Why coal can’t be saved
Donald Trump has pledged to “bring the coal industry back,” but he’ll be lucky just to slow its “precipitous decline,” said Justin Fox. There are signs that market watchers think the Trump presidency could indeed revive the struggling sector’s fortunes; shares of coal giant Peabody Energy, which filed for bankruptcy in April, surged after the election. And to be fair, Trump’s promises to miners aren’t “entirely empty.” The Obama administration “really has been waging a ‘war on coal,’” by putting into place tougher air pollution regulations and blocking new coal leases on federal lands. Trump could immediately “cease hostilities,” which would help remove some of the industry’s headwinds. But environmental regulations were never the main reason for coal’s decline; market forces were. Thanks to the fracking boom, natural gas has displaced coal “as the nation’s No. 1 source of electrical power.” Natural gas not only burns cleaner than coal, it’s also cheaper. That’s likely to remain the case no matter how much Trump tries to give coal country a helping hand, because no one “has reason to expect a crackdown on natural gas drilling” from his administration. “The past few years have been so terrible for miners that even a pause in coal’s decline may feel like a comeback.” But a permanent revival? It’s just not in the cards.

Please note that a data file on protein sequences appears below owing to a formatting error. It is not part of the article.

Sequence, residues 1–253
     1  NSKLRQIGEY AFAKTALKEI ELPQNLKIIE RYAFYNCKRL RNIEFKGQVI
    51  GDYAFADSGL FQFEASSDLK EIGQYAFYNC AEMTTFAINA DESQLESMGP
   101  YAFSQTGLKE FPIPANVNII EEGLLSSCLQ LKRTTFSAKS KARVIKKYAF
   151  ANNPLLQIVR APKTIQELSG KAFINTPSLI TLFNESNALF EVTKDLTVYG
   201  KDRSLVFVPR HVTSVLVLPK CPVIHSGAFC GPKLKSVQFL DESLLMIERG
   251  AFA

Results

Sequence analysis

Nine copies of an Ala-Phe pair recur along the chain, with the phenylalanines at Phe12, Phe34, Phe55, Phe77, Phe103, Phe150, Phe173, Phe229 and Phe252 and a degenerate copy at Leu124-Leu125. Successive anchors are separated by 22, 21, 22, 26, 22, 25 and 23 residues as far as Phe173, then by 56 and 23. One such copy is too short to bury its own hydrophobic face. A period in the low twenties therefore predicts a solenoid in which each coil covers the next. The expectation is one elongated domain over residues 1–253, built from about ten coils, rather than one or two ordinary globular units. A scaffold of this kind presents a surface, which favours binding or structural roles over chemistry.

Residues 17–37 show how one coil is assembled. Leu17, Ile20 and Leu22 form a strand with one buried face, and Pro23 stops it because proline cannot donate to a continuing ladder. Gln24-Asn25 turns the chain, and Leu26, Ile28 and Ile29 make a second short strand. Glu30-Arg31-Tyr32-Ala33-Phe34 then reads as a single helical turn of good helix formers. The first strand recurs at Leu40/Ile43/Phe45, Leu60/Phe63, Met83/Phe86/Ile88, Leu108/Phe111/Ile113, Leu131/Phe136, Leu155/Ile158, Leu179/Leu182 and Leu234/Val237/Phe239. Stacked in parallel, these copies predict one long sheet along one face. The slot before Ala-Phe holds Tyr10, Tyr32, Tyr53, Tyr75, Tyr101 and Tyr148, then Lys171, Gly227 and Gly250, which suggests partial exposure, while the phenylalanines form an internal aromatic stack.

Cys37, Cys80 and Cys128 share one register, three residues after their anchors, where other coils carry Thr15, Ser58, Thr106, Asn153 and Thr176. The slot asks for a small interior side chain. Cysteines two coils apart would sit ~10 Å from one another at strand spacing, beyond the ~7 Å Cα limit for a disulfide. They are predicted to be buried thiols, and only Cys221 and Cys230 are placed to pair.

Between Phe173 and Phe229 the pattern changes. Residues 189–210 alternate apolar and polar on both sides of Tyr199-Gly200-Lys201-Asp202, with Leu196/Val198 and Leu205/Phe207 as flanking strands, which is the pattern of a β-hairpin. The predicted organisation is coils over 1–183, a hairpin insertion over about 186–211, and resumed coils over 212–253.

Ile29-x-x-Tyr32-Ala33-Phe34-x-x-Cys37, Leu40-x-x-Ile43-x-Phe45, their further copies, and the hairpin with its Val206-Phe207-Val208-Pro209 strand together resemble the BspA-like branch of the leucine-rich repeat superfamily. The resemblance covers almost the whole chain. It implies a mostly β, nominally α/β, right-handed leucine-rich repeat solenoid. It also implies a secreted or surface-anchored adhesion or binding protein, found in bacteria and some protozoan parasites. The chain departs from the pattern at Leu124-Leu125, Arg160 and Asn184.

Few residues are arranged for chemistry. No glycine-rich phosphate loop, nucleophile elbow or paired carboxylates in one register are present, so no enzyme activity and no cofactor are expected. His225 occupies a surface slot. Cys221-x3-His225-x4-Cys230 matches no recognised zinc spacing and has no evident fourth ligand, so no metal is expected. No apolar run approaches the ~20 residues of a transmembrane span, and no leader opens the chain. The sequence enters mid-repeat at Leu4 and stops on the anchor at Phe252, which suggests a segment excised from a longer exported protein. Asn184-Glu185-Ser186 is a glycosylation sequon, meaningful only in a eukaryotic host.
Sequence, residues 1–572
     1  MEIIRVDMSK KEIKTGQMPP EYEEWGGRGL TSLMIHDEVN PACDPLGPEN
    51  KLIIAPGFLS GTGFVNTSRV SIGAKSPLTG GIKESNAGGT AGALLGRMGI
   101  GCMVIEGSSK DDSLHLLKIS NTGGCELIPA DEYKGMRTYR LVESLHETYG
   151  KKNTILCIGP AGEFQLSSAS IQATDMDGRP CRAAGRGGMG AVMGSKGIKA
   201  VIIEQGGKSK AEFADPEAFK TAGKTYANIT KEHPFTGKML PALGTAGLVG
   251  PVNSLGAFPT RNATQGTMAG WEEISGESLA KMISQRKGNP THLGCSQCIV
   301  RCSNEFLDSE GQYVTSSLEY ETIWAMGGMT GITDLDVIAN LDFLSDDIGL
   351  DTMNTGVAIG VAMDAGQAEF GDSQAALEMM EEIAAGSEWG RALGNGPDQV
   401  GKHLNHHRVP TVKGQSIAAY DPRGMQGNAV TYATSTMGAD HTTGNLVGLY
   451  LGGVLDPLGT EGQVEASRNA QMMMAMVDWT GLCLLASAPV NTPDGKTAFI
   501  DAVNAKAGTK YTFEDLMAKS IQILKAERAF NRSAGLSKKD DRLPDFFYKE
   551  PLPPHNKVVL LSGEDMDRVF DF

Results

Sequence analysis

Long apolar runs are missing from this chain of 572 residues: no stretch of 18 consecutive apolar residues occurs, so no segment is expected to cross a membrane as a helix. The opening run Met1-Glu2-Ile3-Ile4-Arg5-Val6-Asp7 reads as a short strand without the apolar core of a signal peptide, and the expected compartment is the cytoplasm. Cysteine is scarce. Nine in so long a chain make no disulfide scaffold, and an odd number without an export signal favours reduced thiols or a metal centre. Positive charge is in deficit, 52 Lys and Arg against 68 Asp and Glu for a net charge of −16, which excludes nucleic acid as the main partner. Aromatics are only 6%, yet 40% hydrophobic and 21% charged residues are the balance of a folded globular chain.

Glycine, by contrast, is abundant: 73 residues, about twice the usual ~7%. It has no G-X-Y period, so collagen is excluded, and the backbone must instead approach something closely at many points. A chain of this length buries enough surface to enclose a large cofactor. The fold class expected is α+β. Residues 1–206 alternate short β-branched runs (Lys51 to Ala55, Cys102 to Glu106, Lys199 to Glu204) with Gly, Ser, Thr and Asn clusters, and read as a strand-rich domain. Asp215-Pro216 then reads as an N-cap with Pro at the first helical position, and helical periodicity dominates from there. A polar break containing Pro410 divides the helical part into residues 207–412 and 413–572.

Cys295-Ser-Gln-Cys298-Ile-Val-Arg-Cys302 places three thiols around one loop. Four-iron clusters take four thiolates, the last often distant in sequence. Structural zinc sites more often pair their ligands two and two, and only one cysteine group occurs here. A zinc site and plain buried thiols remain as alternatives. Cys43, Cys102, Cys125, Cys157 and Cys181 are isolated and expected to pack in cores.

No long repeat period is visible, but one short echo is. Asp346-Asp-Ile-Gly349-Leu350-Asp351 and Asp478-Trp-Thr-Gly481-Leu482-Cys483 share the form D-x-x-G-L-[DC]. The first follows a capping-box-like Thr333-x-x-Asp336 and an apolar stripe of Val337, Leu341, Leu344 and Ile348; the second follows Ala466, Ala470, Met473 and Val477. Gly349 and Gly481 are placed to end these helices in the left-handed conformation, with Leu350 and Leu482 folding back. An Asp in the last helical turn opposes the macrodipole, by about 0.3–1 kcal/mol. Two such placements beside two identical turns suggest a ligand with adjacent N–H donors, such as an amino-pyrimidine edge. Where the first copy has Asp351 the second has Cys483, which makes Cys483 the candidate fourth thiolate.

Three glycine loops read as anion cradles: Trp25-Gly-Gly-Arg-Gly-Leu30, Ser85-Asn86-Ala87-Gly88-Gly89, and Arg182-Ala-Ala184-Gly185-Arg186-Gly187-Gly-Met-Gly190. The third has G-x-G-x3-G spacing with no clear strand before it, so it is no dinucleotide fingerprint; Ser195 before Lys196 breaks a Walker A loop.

Factories of the future
The Wall Street Journal
“U.S. manufacturing is about to get smarter,” said Christopher Mims. The same data revolution that has transformed the advertising business, allowing for real-time decision making and highly targeted marketing, is poised to reshape the factory floor. Just as marketers harvest customer information to deliver more effective ads, manufacturers are hoping to use data from their machines to make factories “more productive, less costly to operate, and more reliable.” The insights generated could be used, say, to set the ideal temperature for an entire factory or quickly ramp up production in response to sales. It could also prevent unplanned downtime on an assembly line from a broken machine; car owners are already familiar with this kind of preventive maintenance, thanks to software that tells drivers when a part is about to fail. I’d assumed that manufacturers were already pretty far along in this process, given all the talk about the Internet of Things. “But that turns out not to be the case.” Industrial giants like GE say adding high-tech sensors to legacy equipment is expensive and challenging, especially when it comes to powering them. The business opportunity, however, is massive. A data-driven approach rapidly revolutionized the $500 billion global ad industry. Think about what it could do for the $12 trillion manufacturing sector.